PONAR: Protocol for Online Abuse Reporting

This series proposes the establishment of a universal protocol for reporting online abuse. The intention of the protocol is to handle the entire lifecycle, from the initial complaint to resolution; it should specify a standard data structure which would allow for outside reporting.

Consider: it seems obvious today that a telephone system should have a standard dialing pattern for reaching emergency services. The first general deployment was in England in 1937 with "999" as the emergency code. It took another thirty years for the United States to begin to deploy 911 service.

It would be audacious to describe this project as a "911" for the web: Internet users are generally not in immediate physical danger. Furthermore, this system does not suppose a central authority for doing anything more than serving as the system of record; it would be for private parties to do the investigation and remediation.

That said, when a party finds their name or reputation being abused online, they should expect a standard series of buttons for recourse, just like 911. 

Consider the classifieds-community website famed for its attention to customer service, Craigslist. Here are the "action buttons" one finds on every Craigslist post:

The action buttons on blogging communities have evolved quite differently. They could be called viecons, as each icon is vying for the readers attention to use its service for bookmarking/sharing/ranking. Here, for example, is the array of viecons from a post on the SmartMobs blog— and it is hard to imagine the average user trying to discern what the purpose of each is.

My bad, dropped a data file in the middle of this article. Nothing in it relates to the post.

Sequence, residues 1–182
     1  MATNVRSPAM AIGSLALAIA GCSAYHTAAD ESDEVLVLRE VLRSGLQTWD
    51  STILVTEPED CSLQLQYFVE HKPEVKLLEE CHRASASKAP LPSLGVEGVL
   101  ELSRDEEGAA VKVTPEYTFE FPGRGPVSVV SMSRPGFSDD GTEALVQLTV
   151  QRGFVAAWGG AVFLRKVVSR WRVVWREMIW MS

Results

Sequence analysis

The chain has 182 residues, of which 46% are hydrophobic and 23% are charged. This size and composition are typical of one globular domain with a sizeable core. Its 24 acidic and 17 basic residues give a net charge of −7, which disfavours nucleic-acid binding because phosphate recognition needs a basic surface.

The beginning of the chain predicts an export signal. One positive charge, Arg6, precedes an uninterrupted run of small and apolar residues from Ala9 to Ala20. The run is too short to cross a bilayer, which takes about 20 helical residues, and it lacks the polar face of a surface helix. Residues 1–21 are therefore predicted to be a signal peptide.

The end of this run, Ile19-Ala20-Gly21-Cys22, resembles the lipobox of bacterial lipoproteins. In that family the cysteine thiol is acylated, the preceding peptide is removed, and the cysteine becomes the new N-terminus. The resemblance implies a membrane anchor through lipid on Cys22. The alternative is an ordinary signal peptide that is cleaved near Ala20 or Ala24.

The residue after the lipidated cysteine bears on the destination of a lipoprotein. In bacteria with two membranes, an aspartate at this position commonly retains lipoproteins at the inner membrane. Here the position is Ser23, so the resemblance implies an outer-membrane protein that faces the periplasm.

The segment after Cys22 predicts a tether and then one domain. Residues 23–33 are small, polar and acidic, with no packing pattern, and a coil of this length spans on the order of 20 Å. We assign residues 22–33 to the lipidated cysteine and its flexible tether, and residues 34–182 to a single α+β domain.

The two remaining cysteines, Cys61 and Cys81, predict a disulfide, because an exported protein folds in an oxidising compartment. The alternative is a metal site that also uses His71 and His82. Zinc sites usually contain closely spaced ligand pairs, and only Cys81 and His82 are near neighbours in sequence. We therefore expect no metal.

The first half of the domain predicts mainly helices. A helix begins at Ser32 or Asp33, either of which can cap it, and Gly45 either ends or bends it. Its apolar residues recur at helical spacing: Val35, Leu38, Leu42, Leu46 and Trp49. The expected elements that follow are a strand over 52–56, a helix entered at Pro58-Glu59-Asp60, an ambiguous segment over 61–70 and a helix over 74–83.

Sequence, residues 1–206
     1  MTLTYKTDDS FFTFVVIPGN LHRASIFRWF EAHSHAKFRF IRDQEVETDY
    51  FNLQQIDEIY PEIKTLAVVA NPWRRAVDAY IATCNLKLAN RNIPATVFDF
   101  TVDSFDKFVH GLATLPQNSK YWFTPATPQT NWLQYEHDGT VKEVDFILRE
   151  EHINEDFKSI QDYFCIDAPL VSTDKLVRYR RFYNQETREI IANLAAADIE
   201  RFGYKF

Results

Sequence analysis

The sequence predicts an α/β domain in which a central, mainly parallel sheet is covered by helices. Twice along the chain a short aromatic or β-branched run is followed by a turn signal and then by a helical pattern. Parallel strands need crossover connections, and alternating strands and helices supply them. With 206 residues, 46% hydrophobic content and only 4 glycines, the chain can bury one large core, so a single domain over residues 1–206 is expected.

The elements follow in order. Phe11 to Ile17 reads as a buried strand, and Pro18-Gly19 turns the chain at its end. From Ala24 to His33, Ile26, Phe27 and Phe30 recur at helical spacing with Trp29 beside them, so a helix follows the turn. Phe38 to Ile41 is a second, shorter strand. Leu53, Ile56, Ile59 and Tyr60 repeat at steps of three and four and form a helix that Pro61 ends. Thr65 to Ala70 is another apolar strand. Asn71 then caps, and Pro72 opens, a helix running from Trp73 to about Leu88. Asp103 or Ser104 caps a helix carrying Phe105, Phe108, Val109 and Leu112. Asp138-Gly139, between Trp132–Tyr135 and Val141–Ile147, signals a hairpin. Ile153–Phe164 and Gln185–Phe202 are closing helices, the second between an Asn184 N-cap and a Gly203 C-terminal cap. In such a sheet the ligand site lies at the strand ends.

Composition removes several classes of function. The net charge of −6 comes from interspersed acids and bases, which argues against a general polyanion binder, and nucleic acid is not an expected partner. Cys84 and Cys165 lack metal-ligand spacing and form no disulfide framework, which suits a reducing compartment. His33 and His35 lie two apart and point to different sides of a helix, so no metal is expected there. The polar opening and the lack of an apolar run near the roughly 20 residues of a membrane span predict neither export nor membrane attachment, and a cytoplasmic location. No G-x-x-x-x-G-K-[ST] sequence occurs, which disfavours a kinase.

Common bulletin board icons represent use glorified emoticons, but it's not clear whether the "mad" or "sad" icons have any follow-up effect:

With Civilities ViewPoints, we at least have a placeholder for the proper button: the "boot" at the far right (next to the "off-topic" icon):


Of course, this all depends on the good faith of a web publisher to include such icons. The ultimate goal of PONAR is to get it into the browser toolbar. This may be accomplished through the browser makers or by common toolbar plug-ins (such as Google's below). Here Google invites us merely to help them rank the page using some familiar emoticons:

Of course, anybody can create an icon in a toolbar which brings up a form. The challenge is building a complete system behind that will be trusted by every single Internet user. Furthermore, to work most effectively, it would have to be able to forward the notice of a complaint to the publisher of every doman and subdomain. This is a potentially complex project to do right, needing the coordination of multiple Internet players. This series explains the justification, and the components, underlying such a system.

In this day and age of "Web 2.0," aggrieved parties still need to navigate tools like WHOIS, which sometimes, but not always, yields a hint as to the identity of the article's publisher; they also might need to figure out how to muster enough social pressure to bring about a remedy if one is needed. That's like telling users they need to open up the phone book to find out how to dial 911. We can do better than that.